Etihad Airways: “We’ve seen premium business coming back in the last half of the year. We remain on course to reach break even in 2011. We would have done it this year if it hadn’t been for the global crisis. Etihad is a young, non-legacy carrier with a clear business plan and route to becoming profitable,” James Hogan, CEO. Source: Aviation Week, 26-Oct-2010.
Etihad on target for break-even result in 2011
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Philippine Airlines may cut Middle East capacity and network, and end Etihad partnership
Philippine Airlines (PAL) is considering reducing capacity to the Middle East in 2017 while expanding in several other international markets, including Australia, China and the US. Yields in all seven of the group’s Middle East markets – all of which have been launched over the last three years – have been impacted by intensifying competition and weaker outbound demand.
PAL could suspend services to Abu Dhabi and terminate its partnership with Etihad. The airline group has not benefitted significantly from its Etihad codeshare, and may be better off partnering with another airline.
However, PAL is keen to continue growing its international operation. PAL is about to add capacity to the US using two additional 777-300ERs, and plans to add capacity to Australia in late 2017 following delivery of its first batch of A321neoLRs. New destinations in Europe and the US are under consideration for 2018, using its new A350-900 fleet.
Virgin Australia realigns its airline partnership priorities on new long haul strategy: Part 1
There have recently been important shifts in Virgin Australia's partnership relations, as Air New Zealand withdraws its ownership and the roles of Singapore Airlines and Etihad evolve with HNA becoming a substantial shareholder. As a consequence, Virgin is restructuring its long haul network for the first time in over two years. Individual changes are not significant, but they help tie up loose ends in Virgin's strategy. Virgin and its US JV partner Delta have been static since United and Qantas-American Airlines greatly altered the Australia-US market profile, a route which constitutes most of Virgin's long haul network.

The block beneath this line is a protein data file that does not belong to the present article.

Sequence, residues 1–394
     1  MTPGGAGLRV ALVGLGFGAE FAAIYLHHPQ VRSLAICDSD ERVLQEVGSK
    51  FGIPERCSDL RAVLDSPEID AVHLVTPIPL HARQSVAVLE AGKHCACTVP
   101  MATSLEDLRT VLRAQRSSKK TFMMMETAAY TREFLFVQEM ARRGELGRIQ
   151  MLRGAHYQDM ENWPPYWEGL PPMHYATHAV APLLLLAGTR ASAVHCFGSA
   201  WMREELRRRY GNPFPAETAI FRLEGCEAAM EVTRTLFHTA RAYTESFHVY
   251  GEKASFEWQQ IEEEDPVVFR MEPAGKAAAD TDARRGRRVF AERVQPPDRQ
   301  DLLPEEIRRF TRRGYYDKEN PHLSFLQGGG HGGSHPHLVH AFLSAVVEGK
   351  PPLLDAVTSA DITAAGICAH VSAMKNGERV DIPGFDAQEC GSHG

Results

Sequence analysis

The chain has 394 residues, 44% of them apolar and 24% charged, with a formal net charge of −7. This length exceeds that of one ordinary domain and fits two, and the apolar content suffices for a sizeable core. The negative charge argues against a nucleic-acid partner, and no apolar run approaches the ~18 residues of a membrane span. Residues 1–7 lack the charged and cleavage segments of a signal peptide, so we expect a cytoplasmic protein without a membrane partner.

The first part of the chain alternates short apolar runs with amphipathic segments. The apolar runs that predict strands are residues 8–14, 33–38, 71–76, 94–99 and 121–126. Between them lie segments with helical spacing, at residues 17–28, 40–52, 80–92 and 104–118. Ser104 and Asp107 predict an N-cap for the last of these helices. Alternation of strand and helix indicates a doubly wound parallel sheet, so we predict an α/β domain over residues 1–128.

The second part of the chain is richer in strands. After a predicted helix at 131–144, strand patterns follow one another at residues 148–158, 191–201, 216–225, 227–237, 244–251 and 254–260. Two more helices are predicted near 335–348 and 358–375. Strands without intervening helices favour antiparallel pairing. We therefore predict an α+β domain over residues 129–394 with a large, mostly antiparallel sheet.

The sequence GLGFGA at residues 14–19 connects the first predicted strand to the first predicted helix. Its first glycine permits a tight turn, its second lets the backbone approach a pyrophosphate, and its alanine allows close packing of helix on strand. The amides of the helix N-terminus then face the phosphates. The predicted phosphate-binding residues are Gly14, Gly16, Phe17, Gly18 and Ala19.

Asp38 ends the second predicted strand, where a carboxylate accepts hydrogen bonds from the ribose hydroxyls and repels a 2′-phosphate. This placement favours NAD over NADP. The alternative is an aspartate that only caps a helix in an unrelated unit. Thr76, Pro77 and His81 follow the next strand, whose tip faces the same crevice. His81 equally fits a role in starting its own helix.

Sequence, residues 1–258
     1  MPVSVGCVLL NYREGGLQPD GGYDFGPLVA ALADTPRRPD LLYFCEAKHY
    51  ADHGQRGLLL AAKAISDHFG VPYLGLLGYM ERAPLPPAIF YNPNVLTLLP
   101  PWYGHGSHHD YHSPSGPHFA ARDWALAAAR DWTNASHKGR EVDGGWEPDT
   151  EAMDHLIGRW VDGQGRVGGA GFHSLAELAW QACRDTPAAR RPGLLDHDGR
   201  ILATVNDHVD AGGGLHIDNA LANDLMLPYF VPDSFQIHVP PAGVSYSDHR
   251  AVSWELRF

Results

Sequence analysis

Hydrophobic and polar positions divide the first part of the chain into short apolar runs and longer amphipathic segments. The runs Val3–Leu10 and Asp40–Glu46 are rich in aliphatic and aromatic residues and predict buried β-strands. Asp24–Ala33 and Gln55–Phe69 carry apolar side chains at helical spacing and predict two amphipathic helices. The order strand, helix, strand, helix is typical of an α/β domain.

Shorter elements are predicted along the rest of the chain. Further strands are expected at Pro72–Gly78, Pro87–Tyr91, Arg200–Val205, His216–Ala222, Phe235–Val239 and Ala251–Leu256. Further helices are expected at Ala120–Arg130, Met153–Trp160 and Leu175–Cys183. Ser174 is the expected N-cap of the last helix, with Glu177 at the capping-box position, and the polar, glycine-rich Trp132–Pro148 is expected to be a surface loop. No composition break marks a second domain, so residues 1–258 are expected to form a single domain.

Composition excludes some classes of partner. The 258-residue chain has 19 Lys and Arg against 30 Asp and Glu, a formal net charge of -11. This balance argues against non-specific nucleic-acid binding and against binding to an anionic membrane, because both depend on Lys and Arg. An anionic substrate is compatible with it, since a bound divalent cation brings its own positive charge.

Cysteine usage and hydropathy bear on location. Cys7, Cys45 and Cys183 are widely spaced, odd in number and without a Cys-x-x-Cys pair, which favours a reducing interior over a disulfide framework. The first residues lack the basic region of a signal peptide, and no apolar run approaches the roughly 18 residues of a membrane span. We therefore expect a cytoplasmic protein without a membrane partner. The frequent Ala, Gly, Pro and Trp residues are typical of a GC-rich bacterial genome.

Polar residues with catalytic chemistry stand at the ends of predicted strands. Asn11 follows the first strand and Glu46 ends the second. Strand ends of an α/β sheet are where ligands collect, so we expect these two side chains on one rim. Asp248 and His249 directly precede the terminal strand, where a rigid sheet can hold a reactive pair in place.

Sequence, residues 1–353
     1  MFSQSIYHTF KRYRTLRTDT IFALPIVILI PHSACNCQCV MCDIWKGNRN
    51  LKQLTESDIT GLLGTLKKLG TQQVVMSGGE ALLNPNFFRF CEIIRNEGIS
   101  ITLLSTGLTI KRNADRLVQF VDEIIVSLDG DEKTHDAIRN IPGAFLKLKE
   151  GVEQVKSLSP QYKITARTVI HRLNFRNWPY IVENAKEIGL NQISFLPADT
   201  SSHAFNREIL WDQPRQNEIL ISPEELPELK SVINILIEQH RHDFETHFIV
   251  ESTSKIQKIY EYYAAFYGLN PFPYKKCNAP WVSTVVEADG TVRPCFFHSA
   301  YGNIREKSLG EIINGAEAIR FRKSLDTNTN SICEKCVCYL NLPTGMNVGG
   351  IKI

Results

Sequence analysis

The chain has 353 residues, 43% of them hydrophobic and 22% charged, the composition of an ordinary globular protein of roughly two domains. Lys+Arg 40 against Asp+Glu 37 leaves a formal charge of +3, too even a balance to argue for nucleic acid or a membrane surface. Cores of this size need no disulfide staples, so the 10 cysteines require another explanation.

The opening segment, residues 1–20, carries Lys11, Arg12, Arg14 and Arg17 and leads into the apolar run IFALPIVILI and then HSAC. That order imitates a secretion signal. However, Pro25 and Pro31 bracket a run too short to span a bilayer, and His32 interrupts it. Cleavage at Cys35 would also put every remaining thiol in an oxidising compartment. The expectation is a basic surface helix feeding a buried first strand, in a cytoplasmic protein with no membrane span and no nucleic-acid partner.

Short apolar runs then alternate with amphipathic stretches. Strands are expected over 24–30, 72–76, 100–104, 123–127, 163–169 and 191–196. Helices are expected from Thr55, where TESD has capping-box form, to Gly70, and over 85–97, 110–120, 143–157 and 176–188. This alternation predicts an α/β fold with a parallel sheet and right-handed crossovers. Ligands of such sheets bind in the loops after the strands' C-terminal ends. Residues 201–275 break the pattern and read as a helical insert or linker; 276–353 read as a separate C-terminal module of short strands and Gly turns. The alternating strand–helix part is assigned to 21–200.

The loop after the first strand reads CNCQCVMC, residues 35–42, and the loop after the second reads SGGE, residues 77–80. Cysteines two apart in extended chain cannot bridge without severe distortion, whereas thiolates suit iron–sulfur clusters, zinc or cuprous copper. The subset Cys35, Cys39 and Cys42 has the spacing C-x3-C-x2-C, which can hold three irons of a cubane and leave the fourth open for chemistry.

Virgin struggled to find a use for what was essentially leftover aircraft capacity that it allocated to Sydney-Abu Dhabi as part of a JV with Etihad. With a limited fleet, North America beckoning, and Etihad seemingly losing some lustre since a Virgin-Singapore Airlines partnership, Virgin is having to cut Sydney-Abu Dhabi to free up capacity to relaunch Melbourne-Los Angeles.
Virgin will still commit to its Etihad partnership by adding three weekly Perth-Abu Dhabi flights on the A330-200, which will finally be moved out of the domestic market and deployed long haul. Since the end of the West Australian mining boom, these well equipped aircraft are no longer needed on transcontinental domestic service. Virgin's fleet of five 777-300ERs now will exclusively be used on Los Angeles.